Cognitive Gamer

The Cognitive Gamer examines how psychology intersects with playing games. All aspects of psychology will be considered, centered on cognitive psychology, but also touching on other areas such as social, developmental, biopsychology and others. And, all types of games will be discussed. Give it a read and listen!
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Another success at the Cognition of Game Playing class!

Stephen Blessing
United States
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Hi all! Last September I wrote about a class I had taught the previous May, a psychology class called The Cognition of Game Playing. It's essentially an introduction to cognitive psychology class, but we play games to illustrate course concepts. I taught the course again this May, and just wanted to provide a quick update. For more complete info, refer back to that blogpost. The syllabus was relatively similar as last year (link below), but with some changes to the games:

The University of Tampa has a two-week May term, where students can take one class that meets everyday for several hours. Both last May and this May, my class met from 8am - 1pm everyday for the two weeks. We had lectures using a traditional textbook and discussions surrounding the book Getting Gamers by Jamie Madigan, all interspersed with game playing. Last May, the first time for the course, I had 8 students and this May I had 20 students. The word had gotten out! The additional students presented some challenges, like how to have multiple tables of games going. With 8 students, I could arrange things so that everyone played each game at the same time. But, with 20, I had to be more creative. Some games we could play as a larger group (e.g., Taboo), some times I paired games up that had higher player counts (e.g., half played Deception in Hong Kong, half played Secret Hitler), and I also instituted what I called "Touchstone Games." These games play 4-6, and I broke the class up into 5 different groups. Each group played one Touchstone Game per day, so that at the end of the 5 days, everyone had played all the games. That worked pretty good. For each day, one student was assigned to be the teacher of that game. I made several resources available so they could learn the game ahead of time.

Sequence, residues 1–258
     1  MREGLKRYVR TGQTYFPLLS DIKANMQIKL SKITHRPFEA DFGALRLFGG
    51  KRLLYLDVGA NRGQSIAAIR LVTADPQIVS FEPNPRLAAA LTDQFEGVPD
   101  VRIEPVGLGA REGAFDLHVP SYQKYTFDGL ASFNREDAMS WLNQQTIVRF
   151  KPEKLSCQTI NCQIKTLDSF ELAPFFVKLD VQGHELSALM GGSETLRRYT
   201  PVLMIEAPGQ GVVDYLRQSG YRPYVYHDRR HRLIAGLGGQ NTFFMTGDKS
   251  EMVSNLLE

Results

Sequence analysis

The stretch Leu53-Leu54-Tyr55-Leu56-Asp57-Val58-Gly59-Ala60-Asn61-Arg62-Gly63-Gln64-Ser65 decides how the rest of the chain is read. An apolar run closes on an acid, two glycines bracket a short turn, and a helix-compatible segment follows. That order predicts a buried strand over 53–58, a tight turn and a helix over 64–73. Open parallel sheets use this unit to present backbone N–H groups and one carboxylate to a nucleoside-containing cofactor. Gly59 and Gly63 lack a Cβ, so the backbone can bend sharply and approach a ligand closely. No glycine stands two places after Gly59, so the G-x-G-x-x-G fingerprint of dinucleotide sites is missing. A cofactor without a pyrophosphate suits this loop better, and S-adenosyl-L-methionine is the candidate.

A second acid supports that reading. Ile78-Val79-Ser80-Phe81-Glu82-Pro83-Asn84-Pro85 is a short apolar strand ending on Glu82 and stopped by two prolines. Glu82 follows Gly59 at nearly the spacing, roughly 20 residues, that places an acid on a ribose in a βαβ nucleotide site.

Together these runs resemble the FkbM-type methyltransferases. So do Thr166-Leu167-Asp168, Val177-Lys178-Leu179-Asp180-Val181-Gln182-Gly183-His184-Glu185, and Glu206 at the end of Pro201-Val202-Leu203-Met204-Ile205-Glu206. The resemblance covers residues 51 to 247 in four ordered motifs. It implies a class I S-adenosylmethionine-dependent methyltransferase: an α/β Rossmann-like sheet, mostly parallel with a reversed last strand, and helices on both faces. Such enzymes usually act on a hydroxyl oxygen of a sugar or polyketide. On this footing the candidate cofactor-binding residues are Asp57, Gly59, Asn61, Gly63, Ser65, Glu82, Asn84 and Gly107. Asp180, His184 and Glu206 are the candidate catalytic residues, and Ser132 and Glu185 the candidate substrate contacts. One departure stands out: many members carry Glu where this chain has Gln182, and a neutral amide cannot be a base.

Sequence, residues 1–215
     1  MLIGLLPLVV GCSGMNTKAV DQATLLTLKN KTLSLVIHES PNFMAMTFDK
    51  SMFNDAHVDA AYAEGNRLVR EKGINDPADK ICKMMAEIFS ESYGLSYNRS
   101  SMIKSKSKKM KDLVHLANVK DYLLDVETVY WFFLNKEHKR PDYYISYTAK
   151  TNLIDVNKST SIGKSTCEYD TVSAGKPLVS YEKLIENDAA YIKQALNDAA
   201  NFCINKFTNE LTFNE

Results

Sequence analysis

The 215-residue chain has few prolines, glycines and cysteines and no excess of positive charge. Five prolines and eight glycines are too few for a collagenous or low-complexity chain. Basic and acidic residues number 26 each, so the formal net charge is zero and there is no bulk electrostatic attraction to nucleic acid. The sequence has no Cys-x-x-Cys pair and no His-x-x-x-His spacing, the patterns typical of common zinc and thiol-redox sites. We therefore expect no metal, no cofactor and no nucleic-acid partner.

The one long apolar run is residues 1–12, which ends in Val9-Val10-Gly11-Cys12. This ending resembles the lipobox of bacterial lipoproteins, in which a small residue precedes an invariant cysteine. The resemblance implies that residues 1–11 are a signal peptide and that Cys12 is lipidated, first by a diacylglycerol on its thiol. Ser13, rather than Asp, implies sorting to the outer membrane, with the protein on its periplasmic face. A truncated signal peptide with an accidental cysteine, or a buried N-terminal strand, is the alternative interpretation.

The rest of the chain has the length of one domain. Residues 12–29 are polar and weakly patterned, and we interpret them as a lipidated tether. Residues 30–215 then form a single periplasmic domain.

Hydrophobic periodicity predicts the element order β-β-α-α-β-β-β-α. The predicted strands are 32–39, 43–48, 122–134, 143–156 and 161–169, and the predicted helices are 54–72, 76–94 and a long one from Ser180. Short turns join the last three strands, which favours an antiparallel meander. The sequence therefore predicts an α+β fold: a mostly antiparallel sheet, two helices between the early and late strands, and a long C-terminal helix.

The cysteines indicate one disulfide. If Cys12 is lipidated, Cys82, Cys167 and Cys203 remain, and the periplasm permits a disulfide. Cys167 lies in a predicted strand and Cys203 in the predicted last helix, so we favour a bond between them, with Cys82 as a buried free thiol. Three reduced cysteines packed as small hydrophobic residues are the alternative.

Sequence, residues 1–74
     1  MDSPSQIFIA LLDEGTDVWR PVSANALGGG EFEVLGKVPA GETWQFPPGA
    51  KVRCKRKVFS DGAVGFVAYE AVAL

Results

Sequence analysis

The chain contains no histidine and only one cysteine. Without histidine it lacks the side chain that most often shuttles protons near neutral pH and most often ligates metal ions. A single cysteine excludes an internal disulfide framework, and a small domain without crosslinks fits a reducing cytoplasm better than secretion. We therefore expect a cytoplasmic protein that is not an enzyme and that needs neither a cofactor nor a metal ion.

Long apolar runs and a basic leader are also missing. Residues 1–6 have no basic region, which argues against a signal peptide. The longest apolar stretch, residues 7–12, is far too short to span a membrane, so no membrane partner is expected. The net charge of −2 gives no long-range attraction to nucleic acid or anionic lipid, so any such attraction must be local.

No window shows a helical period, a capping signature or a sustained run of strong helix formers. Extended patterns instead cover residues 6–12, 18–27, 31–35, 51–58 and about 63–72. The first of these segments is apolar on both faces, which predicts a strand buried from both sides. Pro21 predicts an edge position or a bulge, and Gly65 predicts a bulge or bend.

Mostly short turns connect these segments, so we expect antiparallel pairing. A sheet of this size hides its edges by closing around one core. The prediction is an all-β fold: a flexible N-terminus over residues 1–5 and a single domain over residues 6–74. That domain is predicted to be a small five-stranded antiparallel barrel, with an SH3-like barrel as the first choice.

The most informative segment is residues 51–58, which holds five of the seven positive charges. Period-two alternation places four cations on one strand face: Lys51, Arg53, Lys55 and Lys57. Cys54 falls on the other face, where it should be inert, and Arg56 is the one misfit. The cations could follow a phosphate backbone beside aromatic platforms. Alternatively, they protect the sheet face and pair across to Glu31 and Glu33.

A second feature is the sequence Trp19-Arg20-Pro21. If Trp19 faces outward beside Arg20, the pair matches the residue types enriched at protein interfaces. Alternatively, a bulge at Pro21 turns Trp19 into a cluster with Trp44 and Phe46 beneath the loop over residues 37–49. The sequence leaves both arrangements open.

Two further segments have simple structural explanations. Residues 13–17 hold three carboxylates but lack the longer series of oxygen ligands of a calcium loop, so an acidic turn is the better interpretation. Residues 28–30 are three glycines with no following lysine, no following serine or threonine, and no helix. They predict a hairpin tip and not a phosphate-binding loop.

The course evaluations were incredibly positive; about the highest of my career. I also had the students fill out an "exit questionnaire" in which I asked how well they liked each game, using a 7-point rating scale. If you're interested, here are those means and standard deviations:

6.50 (0.89) Playstation VR [Sensation & Perception]
6.40 (0.75) Codenames [Long term memory]
6.30 (1.38) Telestrations [Visual Imagery]
5.85 (1.14) Taboo [Long term memory]
5.85 (1.81) Carcassonne* [Visual Imagery]
5.75 (1.16) Guesstures [Perception / Attention]
5.70 (1.22) Decrypto [Memory]
5.70 (0.92) Concept [Concepts]
5.70 (1.17) Word Slam [Verbal Memory]
5.40 (2.09) Scotland Yard* [Problem Solving / Decision Making]
5.30 (2.03) Secret Hitler [Decision Making]
5.30 (1.92) Sagrada* [Problem Solving]
5.25 (1.07) Pit [Attention]
5.10 (2.22) When I Dream [Visual Imagery / Memory]
5.10 (1.89) Deception: Murder in Hong Kong [Decision Making]
4.95 (1.61) Two Rooms and a Boom [Decision Making]
4.95 (1.28) Wits and Wagers [Decision Making]
4.90 (1.59) Modern Art* [Decision Making]
4.70 (1.03) Dixit [Imagery]
4.15 (2.48) Sheriff of Nottingham*
4.00 (1.52) A Fake Artist Goes to New York [Imagery]

The ones marked with an asterisk were the Touchstone Games. As you can see, most games were liked by most people, but the two at the bottom didn't see a lot of love (doing quick one-sample t-tests, those are the only 2 that don't significantly differ from the neutral point). I wanted everyone to play a bluffing game, but Sheriff of Nottingham might not have been the best choice. Three students listed it as one of their top three games (a separate question on my exit questionnaire), but 10 people listed it as a bottom three game. The others all had a much more even mix (e.g., 6 people listed Scotland Yard as a top 3, but 4 people listed it as a bottom 3).

We also played some other games, but just for a short period to illustrate a specific concept (e.g., we did a quick round of Keep Talking and Nobody Explodes to illustrate pragmatics in language)

Of course, the point of the class isn't necessarily to like the games, but it does help. They all appreciated the cognitive aspects of playing these types of games, and we had some great discussions on what parts of cognitive psychology go into playing each game.

This fall I'm teaching this course as a full semester one, with 25 students. Having a May term course with 20 students was a good test to see what works (like, the Touchstone Games).

If you have any questions, please let me know!
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